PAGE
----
These companies could apply pressure to local government and leverage their investments in building football pitches and buying clubs in order to buy up land at a better rate. They could also say the same to banks who were lending them money. Double-dips cropped up everywhere.

The vision didn’t exactly work out as intended for Chinese talent either. Foreign players coming in for huge sums meant fewer opportunities for homegrown footballers. Inevitably the Chinese FA — an arm of the state in all but name — cracked down by placing a 100% gross tax on foreign player purchases.

Unsurprisingly, foreign player purchasing drastically reduced thereafter, but this didn’t help the national team’s performance either.

The Chinese FA had found it hard to place players abroad due to the talent gap that still existed, so the state encouraged owners to sell up while a new model would be developed. Some did so but it was never going to be easy to get everyone to fall in line.

For those with the capacity to do so, an attractive aspect of investing in foreign clubs was that it represented an easy way of getting money out of China and therefore out of government control.

In the future, these billionaires might want a life outside of China, away from the government’s ability to control large amounts of their money and other aspects of their daily lives.

Having a multi-million-pound asset in Europe makes that much easier, even if it is worth less than what they originally paid for it.

Buying a club for £100 million and then selling it in a decade’s time for £80 million doesn’t feel like a £20 million loss if you never plan to go back home. You’ve got £80 million washed and out of China.

For many, that represents a great investment.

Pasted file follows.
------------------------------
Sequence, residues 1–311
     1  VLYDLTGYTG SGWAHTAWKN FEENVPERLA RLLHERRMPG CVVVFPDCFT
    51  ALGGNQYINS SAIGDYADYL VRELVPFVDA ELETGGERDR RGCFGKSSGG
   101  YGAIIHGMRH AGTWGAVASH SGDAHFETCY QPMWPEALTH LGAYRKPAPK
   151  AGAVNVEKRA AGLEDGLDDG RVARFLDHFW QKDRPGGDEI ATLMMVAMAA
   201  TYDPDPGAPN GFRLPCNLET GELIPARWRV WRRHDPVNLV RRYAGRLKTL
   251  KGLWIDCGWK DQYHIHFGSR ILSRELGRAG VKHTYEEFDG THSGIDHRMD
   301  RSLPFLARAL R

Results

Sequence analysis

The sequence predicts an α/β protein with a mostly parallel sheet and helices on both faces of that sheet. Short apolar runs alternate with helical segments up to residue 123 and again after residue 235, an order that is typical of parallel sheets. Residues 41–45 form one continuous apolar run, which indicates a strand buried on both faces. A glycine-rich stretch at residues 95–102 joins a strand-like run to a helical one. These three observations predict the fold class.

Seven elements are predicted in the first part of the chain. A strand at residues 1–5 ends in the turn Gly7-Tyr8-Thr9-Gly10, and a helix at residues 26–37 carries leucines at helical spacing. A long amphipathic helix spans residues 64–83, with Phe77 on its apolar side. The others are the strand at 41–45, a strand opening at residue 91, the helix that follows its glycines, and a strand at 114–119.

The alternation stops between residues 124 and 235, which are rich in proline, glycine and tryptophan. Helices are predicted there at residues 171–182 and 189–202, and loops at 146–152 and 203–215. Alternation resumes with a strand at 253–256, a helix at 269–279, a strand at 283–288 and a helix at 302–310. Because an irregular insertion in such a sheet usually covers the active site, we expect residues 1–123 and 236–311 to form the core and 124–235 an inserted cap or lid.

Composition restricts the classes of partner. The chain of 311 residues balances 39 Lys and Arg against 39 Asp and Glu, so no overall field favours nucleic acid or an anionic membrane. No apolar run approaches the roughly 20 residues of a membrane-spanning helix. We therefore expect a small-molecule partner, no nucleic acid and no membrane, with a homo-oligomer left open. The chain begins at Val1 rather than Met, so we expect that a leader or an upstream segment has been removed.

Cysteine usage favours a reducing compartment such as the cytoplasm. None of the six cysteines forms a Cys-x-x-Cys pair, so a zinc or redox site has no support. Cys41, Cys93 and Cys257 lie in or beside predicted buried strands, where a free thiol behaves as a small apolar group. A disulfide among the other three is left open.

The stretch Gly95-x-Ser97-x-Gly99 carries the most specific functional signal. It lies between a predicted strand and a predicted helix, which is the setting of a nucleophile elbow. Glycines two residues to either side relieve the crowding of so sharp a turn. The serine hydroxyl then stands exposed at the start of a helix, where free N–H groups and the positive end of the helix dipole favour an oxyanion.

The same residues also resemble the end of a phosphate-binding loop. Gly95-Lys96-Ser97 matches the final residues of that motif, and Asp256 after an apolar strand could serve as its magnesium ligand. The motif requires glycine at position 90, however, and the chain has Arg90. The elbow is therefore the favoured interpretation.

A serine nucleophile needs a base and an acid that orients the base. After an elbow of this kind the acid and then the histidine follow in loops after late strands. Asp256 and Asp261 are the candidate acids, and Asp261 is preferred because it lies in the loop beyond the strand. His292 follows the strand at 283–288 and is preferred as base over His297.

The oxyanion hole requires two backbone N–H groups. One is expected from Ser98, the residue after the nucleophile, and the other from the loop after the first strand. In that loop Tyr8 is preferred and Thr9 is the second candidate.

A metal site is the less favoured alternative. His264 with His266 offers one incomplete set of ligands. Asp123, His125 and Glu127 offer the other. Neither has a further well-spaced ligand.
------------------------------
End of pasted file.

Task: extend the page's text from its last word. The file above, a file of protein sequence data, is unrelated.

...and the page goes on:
If you sell a European club, the money does not go back into a Chinese bank account. It ends up in Switzerland or off-shore elsewhere. Government officials in Beijing can no longer touch it.

Even China’s most high-flying multi-billionaires would be able to make the appropriate cut-backs necessary to live comfortably in Europe on the value of a medium-sized football club. There would be enough left over to pay for a full-time security detail too, if necessary.

west brom lai out

This is bad news for fans of clubs like West Brom. They have recently seen a huge rise in fan protests over Lai’s financial behavior at the club.

Most fans want him out or at least, in the words of Action4Albion founder Ali Jones, they want him to “look after the club in the best interests of the club itself.”

West Brom fans want Lai to put money into the club, which simply isn’t going to happen.

Since the pandemic, the government has prioritized investing money internally. So that’s what will happen. Chinese money stays in China for now.

It is possible that such restrictions will simply strengthen someone like Lai’s resolve in terms of wanting to keep hold of the club. The hope for Baggies’ fans who want change, therefore, is that being told what he can and cannot do with his money so regularly may tempt him away from China sooner — at that point fans can get excited by the prospect of their club being invested in.

Just as good would be a cash injection courtesy of an improbable — but not impossible — return to the Premier League.

Either way, the smart money is on these owners staying put unless the government can hurt them in some other way.

inter milan suning

Take Inter Milan’s owners, Suning Holdings Group, for example. In addition to Inter, the group was in control of Chinese Super League side Jiangsu FC. After winning the league title in 2020, the club dissolved due to financial problems in early 2021. But the truth is that these “problems” were more like state-imposed sanctions.

The government was unimpressed with their continued spending despite constant requests to be more frugal. The government therefore tied up large amounts of the club’s money.

This had a knock-on affect at the international arm of its operations. It led to the fire sale of several high-profile assets on Inter such as Romelu Lukaku. This in turn led to the resignation of then-manager Antonio Conte (who has recently since departed Tottenham as well). Because that operation was internationally based, however, Suning Holdings were able to prevent state intervention from having such a disastrous effect that the Italian club would need to be sold. A small restructuring process was all that was necessary.

The significance of this for West Brom is that Lai Guochuan is now obliged to keep the club running in a self-sufficient model because he can’t invest his own money into it.

If he is smart, he won’t sell it either. If he can keep loading the club with debt but sell it one day, he will.

The state doesn’t like it, but money outside of China is money outside of state control.

It seems unlikely that Lai Guochuan, or anyone else in his position, would find a small taste of that kind of freedom resistible.